Fresno State scores big against Toledo, winning 49-27
Late in the second quarter of Fresno State’s 49-27 stomping of Toledo on Saturday night, a game whose final score betrays its actual lopsidedness, Marcus McMaryion turned to Jordan Mims and informed his tailback he was about to score.
It was the first play of the drive, and the Bulldogs were 47 yards away from the end zone.
“He said, ‘This should be a touchdown,’ “ Mims recalled afterward.
It’s probably irresponsible of me to make Fresno State’s senior quarterback sound clairvoyant when McMaryion was simply well-prepared and alert. He spotted one of the Rockets’ inside linebackers, Jordan Fisher, “tucking inside” (Mims’ description). Which left him in poor position to cover the tailback on a quick toss to the perimeter.
Guess what play the Bulldogs had dialed up?
“We practiced it all week,” McMaryion said. “We got the exact look we thought we were going to get. It just worked out well.”
“It just worked out well.” While studying for his master’s in kinesiology, McMaryion must be double-majoring in understatement.
Mims ran the route. McMaryion delivered the football on target. Receiver Jamire Jordan created a little extra space by getting in the linebacker’s way just enough to knock him off stride.
From there it became a footrace to the end zone between Mims and the Toledo secondary. You already know who won.
“We knew we had the right play call,” Mims said.
“Our coaches do a good job putting us in position to be successful,” McMaryion said.
This latest encapsulation of Fresno State football in Year 2 of the Jeff Tedford era felt equal parts clinical and personal. The Bulldogs not only out-schemed and out-played the Rockets, they also seemed to take great pleasure from stomping on them.
Consider Toledo’s 52-17 blowout from 2016, the worst loss of the worst season in program history, repaid in full.
“Two years ago it didn’t go so well for the Bulldogs at their place, so we had a chip on our shoulder going into this game,” Tedford said.
A chip the size of El Capitan, by the looks of things.
Toledo entered the game averaging 51 points and coming off a 63-point barrage against the same Nevada squad the Bulldogs open Mountain West play against next Saturday in Reno.
Until midway through the fourth quarter, when Fresno State finally took its foot off the accelerator, the Rockets had 13.
Much has already been made of the Bulldogs’ formidable linebackers and secondary, and much will continue to be. Jeffrey Allison, James Bailey and Tank Kelly appeared to have a side bet going of Who Can Deliver the Hardest (Legal) Hit.
(Mitchell Guadagni would be the guy to ask. Toledo’s mobile quarterback exited the game late in the second quarter after absorbing one too many.)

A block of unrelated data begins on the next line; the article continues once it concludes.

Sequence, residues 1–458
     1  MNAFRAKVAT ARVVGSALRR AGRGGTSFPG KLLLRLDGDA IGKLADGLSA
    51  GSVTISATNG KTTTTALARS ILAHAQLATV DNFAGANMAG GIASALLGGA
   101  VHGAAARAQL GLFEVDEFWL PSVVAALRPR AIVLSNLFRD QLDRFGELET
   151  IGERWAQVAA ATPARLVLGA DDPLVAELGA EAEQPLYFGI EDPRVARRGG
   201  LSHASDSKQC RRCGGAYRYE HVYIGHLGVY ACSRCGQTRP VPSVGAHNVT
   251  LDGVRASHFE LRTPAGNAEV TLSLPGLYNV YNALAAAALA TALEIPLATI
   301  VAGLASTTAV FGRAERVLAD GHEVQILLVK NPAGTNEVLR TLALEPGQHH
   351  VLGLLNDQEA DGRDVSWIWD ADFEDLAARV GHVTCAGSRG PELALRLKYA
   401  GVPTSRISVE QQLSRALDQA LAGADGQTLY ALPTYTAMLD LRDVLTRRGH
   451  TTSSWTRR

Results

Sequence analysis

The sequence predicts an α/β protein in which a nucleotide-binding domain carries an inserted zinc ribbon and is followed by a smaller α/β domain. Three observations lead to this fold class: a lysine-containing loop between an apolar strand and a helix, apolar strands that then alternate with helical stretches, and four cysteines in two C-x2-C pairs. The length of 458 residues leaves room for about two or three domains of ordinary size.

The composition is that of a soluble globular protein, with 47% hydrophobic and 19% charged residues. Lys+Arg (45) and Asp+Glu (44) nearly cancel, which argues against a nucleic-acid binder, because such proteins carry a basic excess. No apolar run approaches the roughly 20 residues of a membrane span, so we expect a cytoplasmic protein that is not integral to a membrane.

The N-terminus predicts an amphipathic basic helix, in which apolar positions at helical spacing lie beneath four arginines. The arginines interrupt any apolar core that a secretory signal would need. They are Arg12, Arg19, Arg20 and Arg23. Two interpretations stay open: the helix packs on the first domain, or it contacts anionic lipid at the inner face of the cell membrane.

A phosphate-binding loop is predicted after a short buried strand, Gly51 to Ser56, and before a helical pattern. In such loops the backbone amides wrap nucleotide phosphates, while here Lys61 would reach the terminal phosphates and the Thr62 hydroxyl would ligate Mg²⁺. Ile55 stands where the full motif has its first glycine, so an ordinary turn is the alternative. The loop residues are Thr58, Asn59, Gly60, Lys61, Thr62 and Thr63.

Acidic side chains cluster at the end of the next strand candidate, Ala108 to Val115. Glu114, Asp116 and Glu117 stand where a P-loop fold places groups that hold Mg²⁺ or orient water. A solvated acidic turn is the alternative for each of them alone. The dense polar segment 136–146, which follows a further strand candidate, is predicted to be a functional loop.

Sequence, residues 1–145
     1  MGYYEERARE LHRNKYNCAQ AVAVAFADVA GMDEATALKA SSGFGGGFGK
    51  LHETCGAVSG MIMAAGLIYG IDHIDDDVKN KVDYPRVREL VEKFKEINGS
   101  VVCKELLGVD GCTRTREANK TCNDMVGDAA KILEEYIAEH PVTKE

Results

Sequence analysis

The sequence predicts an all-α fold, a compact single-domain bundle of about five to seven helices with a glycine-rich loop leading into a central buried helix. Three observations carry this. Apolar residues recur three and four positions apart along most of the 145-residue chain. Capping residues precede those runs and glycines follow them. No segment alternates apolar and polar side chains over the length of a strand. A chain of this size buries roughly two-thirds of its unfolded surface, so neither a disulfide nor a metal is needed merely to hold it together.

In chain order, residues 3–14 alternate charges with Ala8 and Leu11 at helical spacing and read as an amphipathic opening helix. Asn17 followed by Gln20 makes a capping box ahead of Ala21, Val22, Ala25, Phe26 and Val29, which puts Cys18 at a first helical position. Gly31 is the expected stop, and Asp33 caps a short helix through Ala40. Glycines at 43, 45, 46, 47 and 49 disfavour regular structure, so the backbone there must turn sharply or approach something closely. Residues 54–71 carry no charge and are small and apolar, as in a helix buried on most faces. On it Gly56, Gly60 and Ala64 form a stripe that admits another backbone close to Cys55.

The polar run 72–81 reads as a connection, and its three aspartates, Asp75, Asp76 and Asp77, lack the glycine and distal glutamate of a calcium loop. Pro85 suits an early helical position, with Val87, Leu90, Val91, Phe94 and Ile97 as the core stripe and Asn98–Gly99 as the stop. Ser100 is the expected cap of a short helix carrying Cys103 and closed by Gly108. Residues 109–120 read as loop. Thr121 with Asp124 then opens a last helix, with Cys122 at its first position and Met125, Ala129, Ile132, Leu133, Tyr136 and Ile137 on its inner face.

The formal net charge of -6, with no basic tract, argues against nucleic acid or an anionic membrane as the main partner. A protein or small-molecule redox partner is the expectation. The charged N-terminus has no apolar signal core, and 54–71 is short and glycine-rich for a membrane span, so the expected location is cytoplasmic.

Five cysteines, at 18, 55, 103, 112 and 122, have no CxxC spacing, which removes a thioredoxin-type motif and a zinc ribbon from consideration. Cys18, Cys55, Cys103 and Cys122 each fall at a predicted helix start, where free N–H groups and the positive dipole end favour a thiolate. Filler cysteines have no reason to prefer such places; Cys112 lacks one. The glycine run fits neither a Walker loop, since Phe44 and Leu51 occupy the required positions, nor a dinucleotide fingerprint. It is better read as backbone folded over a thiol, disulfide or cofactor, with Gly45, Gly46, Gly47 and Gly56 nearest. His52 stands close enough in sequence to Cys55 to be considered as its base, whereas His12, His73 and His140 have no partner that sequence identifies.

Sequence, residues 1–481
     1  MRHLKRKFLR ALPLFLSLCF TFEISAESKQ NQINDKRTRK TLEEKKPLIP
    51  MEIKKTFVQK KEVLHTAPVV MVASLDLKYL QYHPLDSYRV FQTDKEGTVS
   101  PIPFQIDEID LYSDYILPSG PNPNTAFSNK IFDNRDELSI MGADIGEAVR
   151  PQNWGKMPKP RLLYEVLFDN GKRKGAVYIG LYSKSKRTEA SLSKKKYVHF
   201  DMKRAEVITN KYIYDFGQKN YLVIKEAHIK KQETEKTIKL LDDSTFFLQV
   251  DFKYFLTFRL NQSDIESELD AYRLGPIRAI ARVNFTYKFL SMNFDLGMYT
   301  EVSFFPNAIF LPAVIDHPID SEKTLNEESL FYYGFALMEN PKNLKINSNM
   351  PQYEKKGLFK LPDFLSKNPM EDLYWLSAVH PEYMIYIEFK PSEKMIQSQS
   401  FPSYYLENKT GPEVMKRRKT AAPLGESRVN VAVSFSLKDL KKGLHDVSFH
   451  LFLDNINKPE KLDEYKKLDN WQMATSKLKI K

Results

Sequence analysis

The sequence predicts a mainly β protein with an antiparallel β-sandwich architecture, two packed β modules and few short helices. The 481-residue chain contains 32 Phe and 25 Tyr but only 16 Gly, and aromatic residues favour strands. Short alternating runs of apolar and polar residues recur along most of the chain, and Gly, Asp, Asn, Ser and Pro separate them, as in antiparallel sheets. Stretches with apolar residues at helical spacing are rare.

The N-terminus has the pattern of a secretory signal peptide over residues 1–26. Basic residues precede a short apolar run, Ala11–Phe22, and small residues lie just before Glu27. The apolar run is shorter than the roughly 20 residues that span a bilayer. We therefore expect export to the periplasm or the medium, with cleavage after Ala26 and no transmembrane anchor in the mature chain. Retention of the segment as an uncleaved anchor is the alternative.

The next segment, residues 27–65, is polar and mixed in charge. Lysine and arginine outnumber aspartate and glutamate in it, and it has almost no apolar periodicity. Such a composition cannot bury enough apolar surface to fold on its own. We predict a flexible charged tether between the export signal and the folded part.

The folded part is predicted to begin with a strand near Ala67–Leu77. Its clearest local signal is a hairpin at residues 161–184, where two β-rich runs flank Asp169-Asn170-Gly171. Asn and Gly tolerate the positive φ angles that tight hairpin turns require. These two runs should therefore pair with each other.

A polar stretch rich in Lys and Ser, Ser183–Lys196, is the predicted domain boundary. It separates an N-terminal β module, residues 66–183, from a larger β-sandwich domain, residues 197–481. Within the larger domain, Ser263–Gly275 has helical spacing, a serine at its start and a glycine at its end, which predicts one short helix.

Just as key has been the emergence of defensive linemen Jasad Haynes and Mykal Walker, part-time and scout-team contributors turned full-time studs.
Haynes’ off-season strength program is paying dividends. The Clovis North High product is currently Fresno State’s best interior pass rusher and penetrator. Walker, meanwhile, has become a terror on the edge, capable of rushing the passer, making tackles in the backfield and even tipping passes to himself for interceptions so he can return them for 38-yard touchdowns.
“He’s so flexible because he’s really long and can run,” Tedford said of the 6-3, 220-pound Walker, a converted linebacker. “He gives tackles a hard time because he’s fast and long-levered. Tonight he made an awesome play to bat that ball in the air.”
Offensively, Fresno State looked rather awesome while racking up 21 points during a 6-minute, 7-second stretch of the second quarter. McMaryion directed two more touchdown drives after intermission to finish with a career-high 368 passing yards and four scores, plus one on the ground.
Through four games, McMaryion is completing 72.1 percent of his passes while his 8.6-yards per attempt is nearly a yard better than last year’s 7.7.
That combination of precision and explosion was what the coaching staff had hoped for after McMaryion, rushed into action a year ago, spent the offseason learning the nooks and crannies of the offense. It’s no longer just a hope.
“We had a great game plan going in, and we executed it very well,” McMaryion said.
You expect him to boast, did you?
Looking ahead, the Bulldogs have in front of them playing field as wide open as the one Mims enjoyed on the touchdown McMaryion saw coming.
None of Fresno State’s next five opponents (Nevada, Wyoming, New Mexico, Hawaii, UNLV) ought to pose much of a threat. This is the time to rack up wins while building confidence and momentum.
“We prepare for every game like it’s a championship game,” Walker said.
As long as that continues, Bulldogs fans can stop being pleasantly surprised by the program’s turnaround and graduate to extreme delight.
Marek Warszawski: 559-441-6218, @MarekTheBee